In this episode, we discuss a recent conversation with one of my ACL athletes who had their 6 month follow-up after ACL reconstruction with their surgeon. We dive into what the surgeon cleared her for compared to what was assessed at the follow up. We cover the importance of objective testing, a team approach, and to make sure we check ALL the boxes before we get full clearance. This is incredibly valuable for any ACL athlete to check-in with regardless of who they’re working with and what they’ve been told they can do. Make sure you’re testing and not guessing in your ACL recovery process.
What’s up guys, and welcome back to another episode on the ACL Athlete Podcast. Today’s episode number 51, and we are starting off with a question. I’m going to ask you a question, and I want you to think about it as we go through this episode.
Let’s say you bought a car recently and something breaks down. Let’s say, for example, the axle which is what connects the wheel to the car itself. It’s essentially what you turn and what the wheel sits on, and so that’s been broken. Now, you need to get it fixed. You take it to the mechanic. The mechanic changes the parts, they change the axle, and then he says it’s good to go. He did not test it. He didn’t take it out for a test drive. He didn’t put it on the track to see if it drives okay and turns okay. He just changed the part out. Now, would you get into that car and would you drive it, would you take it into Atlanta traffic and have to bounce around? Or, would you take it to a racetrack and would you max it out? Would you drive it? And that’s something that I want you to think about as we go into this episode today.
This leads me to a recent conversation I had with one of my athletes regarding a follow-up with their surgeon. The backstory of this athlete is that she is young and active. It’s not her first ACL reconstruction. The most recent one that she had was back in May of 2021. It puts her roughly at around eight months out from this point, as this podcast is being recorded. Her goals are to get back to running, biking, hiking, backpacking, skiing, and soccer. Most of which she’s already doing; skiing and soccer she is not directly doing and competing. But she is doing the majority of these things at eight months. She just had her six-month check-in with her surgeon, so technically it was her eighth month. But this is kind of the check mark that a lot of surgeons will have after their ACL reconstruction is at the six-month mark. She’s technically eight months out from her surgery. She goes in to see the surgeon. The surgeon takes X-rays. He checks the ACL via some hand tests, so he does the Lachman test, the pivot shift test, and then he checks her knee flexion range of motion on the table and then watches her walk.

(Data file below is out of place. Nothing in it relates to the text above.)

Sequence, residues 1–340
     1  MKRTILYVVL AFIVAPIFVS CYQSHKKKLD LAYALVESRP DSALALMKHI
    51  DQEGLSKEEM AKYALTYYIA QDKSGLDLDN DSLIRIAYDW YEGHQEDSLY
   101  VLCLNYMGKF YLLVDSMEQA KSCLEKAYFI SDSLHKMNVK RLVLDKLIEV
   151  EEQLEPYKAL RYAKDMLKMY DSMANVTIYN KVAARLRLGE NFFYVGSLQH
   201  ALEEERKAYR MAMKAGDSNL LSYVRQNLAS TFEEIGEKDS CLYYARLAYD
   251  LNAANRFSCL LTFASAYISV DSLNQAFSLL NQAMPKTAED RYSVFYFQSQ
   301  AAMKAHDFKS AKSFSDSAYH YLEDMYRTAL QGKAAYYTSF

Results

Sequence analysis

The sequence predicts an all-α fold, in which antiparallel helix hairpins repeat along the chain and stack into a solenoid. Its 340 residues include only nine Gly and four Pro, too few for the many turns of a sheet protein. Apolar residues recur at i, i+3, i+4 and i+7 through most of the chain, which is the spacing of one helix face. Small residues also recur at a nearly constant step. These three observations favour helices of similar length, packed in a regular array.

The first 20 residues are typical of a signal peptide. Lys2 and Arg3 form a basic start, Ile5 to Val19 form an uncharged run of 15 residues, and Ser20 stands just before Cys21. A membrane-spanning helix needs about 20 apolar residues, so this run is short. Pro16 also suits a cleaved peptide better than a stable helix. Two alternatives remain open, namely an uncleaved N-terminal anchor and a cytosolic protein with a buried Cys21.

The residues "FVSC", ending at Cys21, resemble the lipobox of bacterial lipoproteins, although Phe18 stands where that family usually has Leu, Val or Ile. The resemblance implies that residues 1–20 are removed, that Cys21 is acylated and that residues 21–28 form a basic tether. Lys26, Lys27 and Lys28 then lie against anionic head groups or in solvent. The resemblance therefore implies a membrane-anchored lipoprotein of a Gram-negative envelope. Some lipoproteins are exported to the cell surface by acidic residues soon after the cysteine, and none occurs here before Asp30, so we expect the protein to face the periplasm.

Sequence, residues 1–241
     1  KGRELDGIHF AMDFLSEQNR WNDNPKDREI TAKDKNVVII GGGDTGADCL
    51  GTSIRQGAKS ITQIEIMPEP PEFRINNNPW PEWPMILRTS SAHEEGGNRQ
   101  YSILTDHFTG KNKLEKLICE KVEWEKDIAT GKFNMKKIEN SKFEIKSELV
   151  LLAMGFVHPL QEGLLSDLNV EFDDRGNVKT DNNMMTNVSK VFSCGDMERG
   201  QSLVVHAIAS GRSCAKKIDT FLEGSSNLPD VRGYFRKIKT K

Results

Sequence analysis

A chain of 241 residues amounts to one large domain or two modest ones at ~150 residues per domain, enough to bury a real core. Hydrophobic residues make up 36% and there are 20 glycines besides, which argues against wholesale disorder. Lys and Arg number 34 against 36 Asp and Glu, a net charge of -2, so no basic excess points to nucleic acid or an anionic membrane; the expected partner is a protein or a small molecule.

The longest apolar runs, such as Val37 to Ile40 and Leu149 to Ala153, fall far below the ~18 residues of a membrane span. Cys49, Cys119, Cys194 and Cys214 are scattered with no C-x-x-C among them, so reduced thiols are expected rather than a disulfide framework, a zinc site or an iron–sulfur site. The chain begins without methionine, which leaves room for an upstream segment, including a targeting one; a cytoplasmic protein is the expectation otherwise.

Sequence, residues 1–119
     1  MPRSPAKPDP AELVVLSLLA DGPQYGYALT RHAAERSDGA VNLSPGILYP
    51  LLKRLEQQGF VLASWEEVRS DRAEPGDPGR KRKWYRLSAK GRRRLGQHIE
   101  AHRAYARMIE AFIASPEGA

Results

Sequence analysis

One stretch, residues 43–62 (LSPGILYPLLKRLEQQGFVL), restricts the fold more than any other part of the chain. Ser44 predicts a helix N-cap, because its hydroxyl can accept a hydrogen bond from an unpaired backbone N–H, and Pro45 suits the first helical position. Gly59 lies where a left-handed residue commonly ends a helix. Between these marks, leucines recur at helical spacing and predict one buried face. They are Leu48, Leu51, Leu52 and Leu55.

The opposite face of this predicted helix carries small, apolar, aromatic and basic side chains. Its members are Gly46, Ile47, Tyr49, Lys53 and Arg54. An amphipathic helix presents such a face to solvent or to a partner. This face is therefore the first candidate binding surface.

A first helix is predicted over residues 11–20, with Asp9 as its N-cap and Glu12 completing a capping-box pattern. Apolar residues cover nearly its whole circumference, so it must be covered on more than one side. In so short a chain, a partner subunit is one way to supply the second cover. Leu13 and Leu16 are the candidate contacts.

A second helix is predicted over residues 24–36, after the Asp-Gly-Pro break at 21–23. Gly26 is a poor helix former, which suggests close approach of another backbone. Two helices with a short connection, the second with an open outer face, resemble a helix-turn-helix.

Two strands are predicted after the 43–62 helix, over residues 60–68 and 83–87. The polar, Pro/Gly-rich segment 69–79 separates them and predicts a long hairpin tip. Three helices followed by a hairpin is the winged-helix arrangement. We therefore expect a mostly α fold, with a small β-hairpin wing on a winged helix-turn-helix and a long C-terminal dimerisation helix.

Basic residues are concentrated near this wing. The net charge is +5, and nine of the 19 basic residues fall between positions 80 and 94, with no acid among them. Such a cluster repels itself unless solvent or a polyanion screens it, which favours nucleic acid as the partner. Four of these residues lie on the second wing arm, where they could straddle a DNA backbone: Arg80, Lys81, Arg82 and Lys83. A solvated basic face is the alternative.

Those were the only things that were done in this six-month check-in. After he does this and talks with the athlete, he mentions that he’s impressed with her strength and that everything feels and looks good. He told her that he would be comfortable with her skiing due to her history of being an advanced skier and suggested easing into it. And then at 12 months, do whatever she wanted in terms of skiing on the terrain or intensity. He gave her guidance on, okay, you’re good to go skiing, essentially cleared her for that.
My question for you is, is there anything missing? A five-minute table exam, a couple of questions, then he clears her for skiing. When I asked this athlete her thoughts, she says she was a little skeptical due to him saying earlier when she was at three months that she could go rock climbing. And so then that was one thing. The follow-up to this is that after this meeting with a surgeon, she had said she wasn’t planning on skiing this year. And then now it’s on her mind to potentially doing it. Now, there’s all this excitement around it and the potential to start skiing again. Then she asked me what my thoughts were, based on the surgeon’s advice and conversation.
My follow-up question was, what objective measures and testing did he use to be able to give you this advice? To essentially clear you for skiing, did he see you squat? Did he take any objective strength measures of your quadriceps or your hamstrings? Was there any hop testing done? Did he see you do any type of lateral agility work? Any type of dynamic movements? Things that you would probably need to be able to clear in order to go skiing or do something of that intensity. And so essentially, what is he basing the guidance off of? That’s when she told me that he didn’t even see her squat, not even get into a just general controlled squat position in order to see what that looks like, or how she might look when she does it, anything of that nature. And that is just a drop in the bucket of testing. As a follow-up to that, I asked her, what are your thoughts based on what he said you can do versus what he saw and tested when he saw you in person?